Analog CEOs often think defensively when they are confronted by pure-play tech start-ups that siphon off parts of their business. Perhaps a better tactic is to go on the offensive and become the digital aggressor. But it takes guts and a willingness to risk cannibalization of the analog business to stake a claim in digital. To be prepared to take the fight to digital disruptors, CEOs must learn to be comfortable with the digital landscape even if they do not need to possess detailed technical knowledge. So who teaches the CEOs? They can learn from academia, start-up entrepreneurs and staff as well as by attending conferences and immersing themselves in digital environments. As they are deluged with digital information, leaders can find an oasis of stability by focusing on the company’s raison d’etre and the customer.

Knowledge at Wharton recently discussed this topic with Ganesh Ayyar, who is the CEO of Mphasis, an IT services company, and Kartik Hosanagar, a professor of Operations, Information and Decisions here at Wharton.

An edited version of the conversation follows.

Knowledge at Wharton: Thanks for joining us for this conversation about how CEOs and other leaders can get the digital skills they need to lead their companies in the new digital age.

Some observers note that CEOs do not necessarily have to have all the technical skills that their technical staff has, obviously, but they have to at least be comfortable with IT and with digital topics. How do they get that information? Is this knowledge best to come in through mentors or learning through experience? Who can train the CEO to be a digital leader today?

Ganesh Ayyar: It is a very interesting question and let me draw upon my own experience. When digital started coming through in the industry, some people saw it as a disruption, some people called it a revolution. As a CEO, I took a step back and said, “am I the right person to lead this company in the digital world?” We are in IT services, clearly at the leading, bleeding edge of digital. I decided that despite my being 54 years old with 30 years in the industry, it cannot … prevent me from learning and picking up these skills. I felt compelled that as a CEO, I needed to learn so that I can work with my team to take Mphasis into the digital era.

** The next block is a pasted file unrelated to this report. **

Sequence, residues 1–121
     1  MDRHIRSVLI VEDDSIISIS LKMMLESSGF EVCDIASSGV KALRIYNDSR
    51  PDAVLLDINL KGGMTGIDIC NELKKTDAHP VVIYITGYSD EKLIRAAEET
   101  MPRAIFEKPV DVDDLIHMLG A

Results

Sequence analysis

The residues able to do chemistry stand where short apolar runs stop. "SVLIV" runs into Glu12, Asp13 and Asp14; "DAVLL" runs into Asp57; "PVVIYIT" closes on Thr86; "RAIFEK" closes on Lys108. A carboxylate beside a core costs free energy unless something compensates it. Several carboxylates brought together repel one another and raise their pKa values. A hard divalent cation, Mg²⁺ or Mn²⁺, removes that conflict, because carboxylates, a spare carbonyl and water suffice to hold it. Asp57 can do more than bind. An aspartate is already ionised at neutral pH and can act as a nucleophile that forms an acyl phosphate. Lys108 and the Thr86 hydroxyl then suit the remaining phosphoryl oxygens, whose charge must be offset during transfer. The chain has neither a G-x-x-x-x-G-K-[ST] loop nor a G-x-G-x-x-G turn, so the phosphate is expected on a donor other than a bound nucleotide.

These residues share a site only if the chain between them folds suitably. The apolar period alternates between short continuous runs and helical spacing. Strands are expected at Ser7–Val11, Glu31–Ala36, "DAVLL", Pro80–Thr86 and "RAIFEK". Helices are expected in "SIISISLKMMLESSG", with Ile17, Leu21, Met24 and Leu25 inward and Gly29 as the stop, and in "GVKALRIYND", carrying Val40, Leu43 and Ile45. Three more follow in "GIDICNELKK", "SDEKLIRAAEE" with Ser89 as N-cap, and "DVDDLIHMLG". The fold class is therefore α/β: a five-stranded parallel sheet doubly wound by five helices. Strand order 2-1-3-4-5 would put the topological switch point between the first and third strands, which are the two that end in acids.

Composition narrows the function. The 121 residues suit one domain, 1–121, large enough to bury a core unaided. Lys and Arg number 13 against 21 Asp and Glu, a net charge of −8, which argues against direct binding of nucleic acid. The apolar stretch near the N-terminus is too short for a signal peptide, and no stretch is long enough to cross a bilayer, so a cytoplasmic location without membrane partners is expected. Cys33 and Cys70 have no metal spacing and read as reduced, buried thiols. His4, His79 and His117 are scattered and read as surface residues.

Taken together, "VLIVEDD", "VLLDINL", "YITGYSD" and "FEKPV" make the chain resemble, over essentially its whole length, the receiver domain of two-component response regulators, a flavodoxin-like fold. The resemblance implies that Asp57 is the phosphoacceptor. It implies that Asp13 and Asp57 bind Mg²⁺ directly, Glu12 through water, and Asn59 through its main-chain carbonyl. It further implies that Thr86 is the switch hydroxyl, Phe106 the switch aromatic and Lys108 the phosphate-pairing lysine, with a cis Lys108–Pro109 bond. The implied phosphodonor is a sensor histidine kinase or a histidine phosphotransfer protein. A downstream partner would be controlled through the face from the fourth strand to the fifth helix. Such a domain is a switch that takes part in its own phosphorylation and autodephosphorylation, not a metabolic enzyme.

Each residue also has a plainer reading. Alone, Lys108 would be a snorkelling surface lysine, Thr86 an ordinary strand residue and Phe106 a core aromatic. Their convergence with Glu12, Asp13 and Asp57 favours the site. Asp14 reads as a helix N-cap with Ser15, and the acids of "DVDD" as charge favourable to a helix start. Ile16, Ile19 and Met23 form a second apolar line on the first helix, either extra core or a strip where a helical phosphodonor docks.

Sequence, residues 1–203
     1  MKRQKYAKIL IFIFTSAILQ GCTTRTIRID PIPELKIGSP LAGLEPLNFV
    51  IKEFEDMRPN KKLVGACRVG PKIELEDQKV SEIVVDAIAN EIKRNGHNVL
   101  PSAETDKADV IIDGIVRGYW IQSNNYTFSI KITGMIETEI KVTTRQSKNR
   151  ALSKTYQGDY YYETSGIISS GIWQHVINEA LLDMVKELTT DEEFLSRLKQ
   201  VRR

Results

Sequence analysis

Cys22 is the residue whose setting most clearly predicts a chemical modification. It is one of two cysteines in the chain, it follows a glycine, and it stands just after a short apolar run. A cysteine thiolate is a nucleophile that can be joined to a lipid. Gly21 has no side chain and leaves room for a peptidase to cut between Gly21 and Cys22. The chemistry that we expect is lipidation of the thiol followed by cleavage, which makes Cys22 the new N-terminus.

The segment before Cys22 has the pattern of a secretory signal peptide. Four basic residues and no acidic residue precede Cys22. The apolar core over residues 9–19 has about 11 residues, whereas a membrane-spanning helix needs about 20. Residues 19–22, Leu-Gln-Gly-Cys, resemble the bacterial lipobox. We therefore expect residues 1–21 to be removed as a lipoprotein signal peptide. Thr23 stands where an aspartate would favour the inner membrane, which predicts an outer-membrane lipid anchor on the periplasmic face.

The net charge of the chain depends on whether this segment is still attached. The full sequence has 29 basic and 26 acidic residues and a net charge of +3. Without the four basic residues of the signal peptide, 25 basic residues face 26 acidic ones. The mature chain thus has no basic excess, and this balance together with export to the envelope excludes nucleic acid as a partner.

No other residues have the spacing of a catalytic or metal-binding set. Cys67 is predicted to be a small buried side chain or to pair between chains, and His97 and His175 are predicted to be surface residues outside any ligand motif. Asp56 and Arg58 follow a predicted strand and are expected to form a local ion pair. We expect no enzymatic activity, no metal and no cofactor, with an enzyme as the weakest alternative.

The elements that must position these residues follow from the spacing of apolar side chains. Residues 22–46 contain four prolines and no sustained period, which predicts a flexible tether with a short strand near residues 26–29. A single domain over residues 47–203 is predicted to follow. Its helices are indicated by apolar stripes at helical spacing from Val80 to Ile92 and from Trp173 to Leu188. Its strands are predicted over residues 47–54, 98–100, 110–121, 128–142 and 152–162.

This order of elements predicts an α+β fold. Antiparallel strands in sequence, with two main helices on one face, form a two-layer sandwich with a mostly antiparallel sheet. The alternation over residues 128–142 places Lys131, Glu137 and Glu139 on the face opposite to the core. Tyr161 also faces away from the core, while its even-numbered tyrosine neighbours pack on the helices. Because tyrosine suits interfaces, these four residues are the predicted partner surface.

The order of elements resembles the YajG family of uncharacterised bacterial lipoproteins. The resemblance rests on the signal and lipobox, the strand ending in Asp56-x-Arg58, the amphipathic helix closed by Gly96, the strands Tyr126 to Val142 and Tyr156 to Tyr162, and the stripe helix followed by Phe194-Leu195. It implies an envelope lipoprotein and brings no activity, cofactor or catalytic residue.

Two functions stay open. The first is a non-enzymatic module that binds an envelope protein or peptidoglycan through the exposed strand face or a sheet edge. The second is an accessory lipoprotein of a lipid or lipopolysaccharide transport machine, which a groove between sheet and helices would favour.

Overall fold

I went and spoke to educators … [and] understood their point of view. I went to startups: Amazing work is being done by these youngsters. They are challenging the status quo [with] innovation — the language is different, the way they think is very different. Of course, you have forums where people come and talk about digital … and you get to learn there. I went to conferences … because I wanted to experience what goes on in the real world. … Books are a good source of knowledge, but it does not give you vibrancy because there is no interaction. But talking to practitioners and professors, as well as young people [was educational].

I had to lower my ego. I had to be prepared to fail, and I had to admit that I needed that knowledge and that the source of knowledge can come from anywhere. I need not feel … that I cannot go and learn from somebody down below in the organization — youngsters or at these conferences — and that helped me a lot.

“The world has misunderstood that digital is about technology. Digital is about business, and technology enables business, so the distance between technology and business is blurring now.” —Ganesh Ayyar

Knowledge at Wharton: Kartik, what’s been your experience? How are CEOs getting their information or how should they be going about it?

Hosanagar: First of all, I appreciate the nod to professors very much.

Ganesh’s answer really resonates with me, as well. What is important first and foremost is for leaders to be open to learning and have that attitude of exploration and trying to acquire new knowledge. They do need mentors, especially analog CEOs who are trying to make this transition, and those mentors may be within the organization — for example, to include your C-suite executives and CIOs in key strategic discussions and conversations. They can also be from outside and Ganesh mentioned startups. It is actually a very helpful exercise for very traditional, analog CEOs to be actively following that industry and to perhaps even actively participate in that. We see many companies have corporate venture capital divisions through which they partake in the startup activities as investors. And sometimes they invest in opportunities that even appear competitive to what they are doing, but that is the way to learn, that is the way to stay relevant. And that is a way to be able to respond when the time is right.